Australian Bank Westpac Cuts Coal Lending
By Jo Clarke
May 6, 2020 - Australian bank Westpac has pledged to neither lend money nor invest in the thermal coal mining industry from 2030, joining other financial institutions in boycotting the sector.
Westpac joins the Commonwealth Bank and the National Australia Bank in exiting thermal coal, leaving the ANZ Bank as the only one of the four big Australian banks still prepared to finance the sector. Australia's coal mining industry has been struggling to finance new mine developments and expansions for several years, with matters further complicated by increasingly lengthy approvals processes and growing community opposition.
The exit of many conventional project finance providers, such as three of the big four Australian banks, has opened the way to private equity firms and foreign enterprises, as well as for royalty financing models but these often expect higher rates of return for their investments.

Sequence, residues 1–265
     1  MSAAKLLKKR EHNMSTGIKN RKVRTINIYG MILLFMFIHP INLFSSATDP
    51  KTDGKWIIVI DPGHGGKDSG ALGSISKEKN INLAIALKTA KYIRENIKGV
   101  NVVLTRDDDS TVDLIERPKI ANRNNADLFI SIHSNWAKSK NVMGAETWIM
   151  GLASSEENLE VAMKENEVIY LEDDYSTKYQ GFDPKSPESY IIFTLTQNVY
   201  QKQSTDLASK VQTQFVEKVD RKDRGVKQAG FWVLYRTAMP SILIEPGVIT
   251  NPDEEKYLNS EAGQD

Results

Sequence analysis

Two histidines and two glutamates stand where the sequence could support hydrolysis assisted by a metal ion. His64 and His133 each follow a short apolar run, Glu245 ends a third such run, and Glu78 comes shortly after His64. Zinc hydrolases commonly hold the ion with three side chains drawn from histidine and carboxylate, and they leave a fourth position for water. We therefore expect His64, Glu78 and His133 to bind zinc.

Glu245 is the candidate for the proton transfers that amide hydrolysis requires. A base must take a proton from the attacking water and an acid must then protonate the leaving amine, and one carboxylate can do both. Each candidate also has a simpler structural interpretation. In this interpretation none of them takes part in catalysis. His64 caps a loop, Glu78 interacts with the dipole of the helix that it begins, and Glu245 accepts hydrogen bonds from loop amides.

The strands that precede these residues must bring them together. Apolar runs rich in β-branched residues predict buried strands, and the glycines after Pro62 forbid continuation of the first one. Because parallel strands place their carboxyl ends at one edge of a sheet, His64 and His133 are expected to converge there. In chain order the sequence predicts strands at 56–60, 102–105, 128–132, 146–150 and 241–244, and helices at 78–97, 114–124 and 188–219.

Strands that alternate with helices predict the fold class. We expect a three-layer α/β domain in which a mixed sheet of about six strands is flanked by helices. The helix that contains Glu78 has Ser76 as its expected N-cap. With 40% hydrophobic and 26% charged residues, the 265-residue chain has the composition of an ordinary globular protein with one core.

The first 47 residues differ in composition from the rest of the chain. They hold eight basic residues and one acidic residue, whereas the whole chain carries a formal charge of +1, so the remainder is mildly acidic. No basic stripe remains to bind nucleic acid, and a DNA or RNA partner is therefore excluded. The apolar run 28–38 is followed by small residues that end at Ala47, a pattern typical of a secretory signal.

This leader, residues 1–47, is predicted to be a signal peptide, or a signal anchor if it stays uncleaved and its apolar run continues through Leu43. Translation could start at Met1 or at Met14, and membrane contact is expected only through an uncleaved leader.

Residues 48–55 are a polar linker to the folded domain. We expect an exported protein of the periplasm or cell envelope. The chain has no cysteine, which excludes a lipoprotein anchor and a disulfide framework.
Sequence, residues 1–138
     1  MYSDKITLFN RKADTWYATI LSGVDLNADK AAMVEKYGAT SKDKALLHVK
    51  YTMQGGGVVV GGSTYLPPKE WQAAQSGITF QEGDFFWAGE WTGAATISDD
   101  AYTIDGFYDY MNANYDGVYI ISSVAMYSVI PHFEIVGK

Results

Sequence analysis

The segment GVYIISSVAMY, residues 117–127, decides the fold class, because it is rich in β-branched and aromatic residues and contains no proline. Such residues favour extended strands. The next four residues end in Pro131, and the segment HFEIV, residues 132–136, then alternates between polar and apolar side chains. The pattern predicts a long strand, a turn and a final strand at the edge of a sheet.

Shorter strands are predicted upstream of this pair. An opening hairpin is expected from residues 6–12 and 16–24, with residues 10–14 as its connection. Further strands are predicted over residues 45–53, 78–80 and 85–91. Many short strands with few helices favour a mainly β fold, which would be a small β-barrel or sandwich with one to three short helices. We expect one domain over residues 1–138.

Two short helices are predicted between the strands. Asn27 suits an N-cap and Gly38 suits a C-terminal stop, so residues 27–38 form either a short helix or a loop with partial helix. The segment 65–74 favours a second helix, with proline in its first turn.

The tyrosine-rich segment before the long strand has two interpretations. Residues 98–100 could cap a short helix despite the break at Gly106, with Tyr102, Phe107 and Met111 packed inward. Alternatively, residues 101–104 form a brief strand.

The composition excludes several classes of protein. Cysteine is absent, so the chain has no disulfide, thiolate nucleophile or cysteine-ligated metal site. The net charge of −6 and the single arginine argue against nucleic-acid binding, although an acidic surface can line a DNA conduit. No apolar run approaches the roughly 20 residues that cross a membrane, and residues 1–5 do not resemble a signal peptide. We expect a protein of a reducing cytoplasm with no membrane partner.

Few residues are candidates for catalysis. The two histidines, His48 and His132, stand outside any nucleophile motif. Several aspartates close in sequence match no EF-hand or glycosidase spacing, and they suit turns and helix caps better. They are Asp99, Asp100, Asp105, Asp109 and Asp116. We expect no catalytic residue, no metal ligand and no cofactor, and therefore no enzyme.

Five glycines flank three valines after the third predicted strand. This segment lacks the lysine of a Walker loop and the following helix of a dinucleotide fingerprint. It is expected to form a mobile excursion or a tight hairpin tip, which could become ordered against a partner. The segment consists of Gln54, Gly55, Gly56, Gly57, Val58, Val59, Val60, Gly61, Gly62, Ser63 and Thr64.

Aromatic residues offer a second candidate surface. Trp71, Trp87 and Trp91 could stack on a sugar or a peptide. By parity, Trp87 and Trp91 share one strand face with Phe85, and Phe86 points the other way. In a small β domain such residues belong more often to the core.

The Australian coal industry is already reviewing plans for expansion and sustaining capital expenditure because of Covid-19. A lack of access to financing could see more extensive attempts to conserve cash through high-grading mines and reducing operating hours. Australian mining firm Stanmore today announced plans to cut production to manage its costs.
Westpac previously had a policy to only lend to new projects that will produce coal at above 6,300 kcal/kg GAR, although it has legacy loans on its books to mining firms producing coal with a minimum calorific value of 5,700 kcal/kg GAR. It will not now take on any new thermal coal customers and plans to phase out existing finance obligations to the sector by 2030. It will not support existing customers in projects outside of existing coal basins, excluding it from participating in the planned development of thermal coal projects in the Galilee basin in Queensland including Indian firm Adani's Carmichael mine.
Westpac will continue to provide finance for metallurgical coal production, but only where any significant thermal coal by-product production meets its minimum calorific value standard.